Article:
On the other hand, there's some fun to be had with the suspects: Jamie Lee Curtis, Chris Evans, Michael Shannon, Toni Collette, Ana de Armas...they all bring flavor to their parts. Chris is especially notable - after his being noble Capt America for so long, one had forgotten how good he could be at playing a**hole. His first major scene, a little before the halfway mark, where he takes potshots at his family had me in splits, and significantly raised my interest levels. The rest of the film doesn't quite live up to those expectations, being predictable, and awkward in tone (unlike Sidney Lumet's film of Murder on the Orient Express, which masterfully straddled serious crime and cheeky humor). But it can still be described as decent timepass entertainment, especially for fans of the vintage detective stories.

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Old 12-01-2019, 01:31 AM   #1205
nitin nitin is offline
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Quote:
Originally Posted by ravenus View Post
I went to catch a matinee show of Knives Out (KO). The auto rickshaw ride to the cinema was pleasurable for two reasons: one, the sparse vehicular traffic at 9am, and secondly, the driver was tuned into a radio channel belting out zesty Kishore Kumar songs (Don, Bombay to Goa). Once at the cinema I took in a cup of cappuccino and settled down to the film.

KO will have the highest resonance for fans of the Agatha Christie style of mystery (the queen of crime herself is referenced in a scene where one character is watching a Spanish dub of a Miss Marple film), one that involves lavish trappings, a large cast of characters most with something to hide and a massively contrived set of circumstances engineering the crime and its solution. The large cast here is comprised of various members of the Thrombey family, whose patriarch and benevolent tyrant Harlan Thrombey (Christopher Plummer, 90 and still going) is found with a slit throat and a knife in his hand. Is is suicide? Is it murder? Or is it...? Almost everyone in the family had reason to fear or dislike the old man, and what about the devoted young nurse who was with him till the end? In comes the sleuth with the eccentric manners and funny accent to solve the crime. Sounds like a typical Poirot story doesn't it? Only here, he's a Mr. Benoit Blanc (Daniel Craig) and he speaks in the most labored and inconsistent Texan drawl. Seriously Craig's diction here is as bad as Deepika Padukone's Tamil diction in Chennai Express. It might be a sort of wink at the several instances of exaggerated foreign accents seen in detective movies of yore but it's more distracting than amusing, and really Craig is the wrong sort of actor to pull it off. Every time he opened his mouth he took me out of the movie.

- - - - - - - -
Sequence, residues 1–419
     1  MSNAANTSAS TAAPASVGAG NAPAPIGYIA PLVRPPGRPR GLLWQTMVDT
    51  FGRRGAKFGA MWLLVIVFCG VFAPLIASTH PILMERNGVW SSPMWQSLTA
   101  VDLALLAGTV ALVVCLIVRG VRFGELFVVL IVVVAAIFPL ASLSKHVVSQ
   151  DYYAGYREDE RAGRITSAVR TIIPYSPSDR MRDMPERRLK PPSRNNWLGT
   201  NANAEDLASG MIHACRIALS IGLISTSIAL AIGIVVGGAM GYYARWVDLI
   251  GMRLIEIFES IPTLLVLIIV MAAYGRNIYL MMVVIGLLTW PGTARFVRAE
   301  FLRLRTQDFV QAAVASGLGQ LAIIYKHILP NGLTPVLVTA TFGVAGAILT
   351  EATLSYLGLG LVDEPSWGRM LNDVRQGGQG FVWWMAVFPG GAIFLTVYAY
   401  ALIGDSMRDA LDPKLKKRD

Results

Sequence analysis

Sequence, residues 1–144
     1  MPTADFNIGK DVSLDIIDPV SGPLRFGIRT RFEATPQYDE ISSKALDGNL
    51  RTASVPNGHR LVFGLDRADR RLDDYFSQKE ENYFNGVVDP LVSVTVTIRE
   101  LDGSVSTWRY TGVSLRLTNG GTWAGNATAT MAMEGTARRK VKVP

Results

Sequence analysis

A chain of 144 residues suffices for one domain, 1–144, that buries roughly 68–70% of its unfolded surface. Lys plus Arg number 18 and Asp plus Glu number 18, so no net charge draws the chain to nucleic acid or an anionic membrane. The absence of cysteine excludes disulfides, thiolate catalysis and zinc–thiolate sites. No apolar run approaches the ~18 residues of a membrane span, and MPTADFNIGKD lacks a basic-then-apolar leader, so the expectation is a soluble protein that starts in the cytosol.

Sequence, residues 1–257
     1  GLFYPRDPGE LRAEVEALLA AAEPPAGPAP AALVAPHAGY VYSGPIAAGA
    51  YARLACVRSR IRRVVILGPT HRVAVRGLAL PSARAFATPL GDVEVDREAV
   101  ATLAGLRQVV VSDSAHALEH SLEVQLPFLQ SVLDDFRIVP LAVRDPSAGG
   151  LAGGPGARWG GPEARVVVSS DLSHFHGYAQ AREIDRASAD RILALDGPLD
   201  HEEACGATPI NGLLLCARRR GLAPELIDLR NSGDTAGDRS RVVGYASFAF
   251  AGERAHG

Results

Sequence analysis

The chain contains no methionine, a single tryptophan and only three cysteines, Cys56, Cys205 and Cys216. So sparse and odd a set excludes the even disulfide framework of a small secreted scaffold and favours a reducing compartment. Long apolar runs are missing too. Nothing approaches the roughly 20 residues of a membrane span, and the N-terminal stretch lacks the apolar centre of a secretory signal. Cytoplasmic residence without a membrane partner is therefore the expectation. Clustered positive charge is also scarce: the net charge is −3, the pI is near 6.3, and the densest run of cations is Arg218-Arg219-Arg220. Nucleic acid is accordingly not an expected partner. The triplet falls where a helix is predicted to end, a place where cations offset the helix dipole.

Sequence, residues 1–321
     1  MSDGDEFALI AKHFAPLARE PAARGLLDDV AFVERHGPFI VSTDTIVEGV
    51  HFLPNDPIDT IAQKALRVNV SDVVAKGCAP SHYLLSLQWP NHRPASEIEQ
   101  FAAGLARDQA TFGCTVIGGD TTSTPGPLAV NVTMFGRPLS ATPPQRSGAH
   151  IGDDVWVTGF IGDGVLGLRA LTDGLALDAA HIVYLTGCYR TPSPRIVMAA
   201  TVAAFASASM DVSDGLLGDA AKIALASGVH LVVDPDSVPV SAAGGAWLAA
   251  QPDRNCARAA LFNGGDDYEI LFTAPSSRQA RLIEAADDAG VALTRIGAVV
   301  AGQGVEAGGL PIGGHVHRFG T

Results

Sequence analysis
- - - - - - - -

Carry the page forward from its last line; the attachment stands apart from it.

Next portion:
On the other hand, there's some fun to be had with the suspects: Jamie Lee Curtis, Chris Evans, Michael Shannon, Toni Collette, Ana de Armas...they all bring flavor to their parts. Chris is especially notable - after his being noble Capt America for so long, one had forgotten how good he could be at playing a**hole. His first major scene, a little before the halfway mark, where he takes potshots at his family had me in splits, and significantly raised my interest levels. The rest of the film doesn't quite live up to those expectations, being predictable, and awkward in tone (unlike Sidney Lumet's film of Murder on the Orient Express, which masterfully straddled serious crime and cheeky humor). But it can still be described as decent timepass entertainment, especially for fans of the vintage detective stories.

Seeing it Wednesday, will chime in once I have seen it.
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Old 12-04-2019, 01:43 PM   #1206
nitin nitin is offline
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Knives Out

5.5-6/10

This was...ok I guess.

I found it pretty uninteresting overall as it is a movie largely concerned with plot machinations and not any interesting character interaction or depth. The characterisation throughout is at the very basic level needed to serve the plot machinations. Which would be fine but there is a also an air of smug satisfaction in the script when it really isn’t as smart or clever as it thinks it is. Convoluted in parts yes, subverting genre tropes in others yes, intricately plotted (to an extent) yes, but it never did anything that really surprised me or thrilled me or made me really feel anything.

Ana De Armas is definitely the MVP though so hopefully more good things happen for her out of this being a success.
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Old 01-02-2020, 05:30 AM   #1207
kaykaysud kaykaysud is offline
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Unlike his previous flicks - the stoner romcom Honey Bee, its sequel Honey Bee 2 and the underrated psychological thriller Hi, I'm Tony - director Jean Paul Lal a.k.a Lal Jr has exercised remarkable restraint in his latest, which also happens to be his most commercial film - Driving Licence.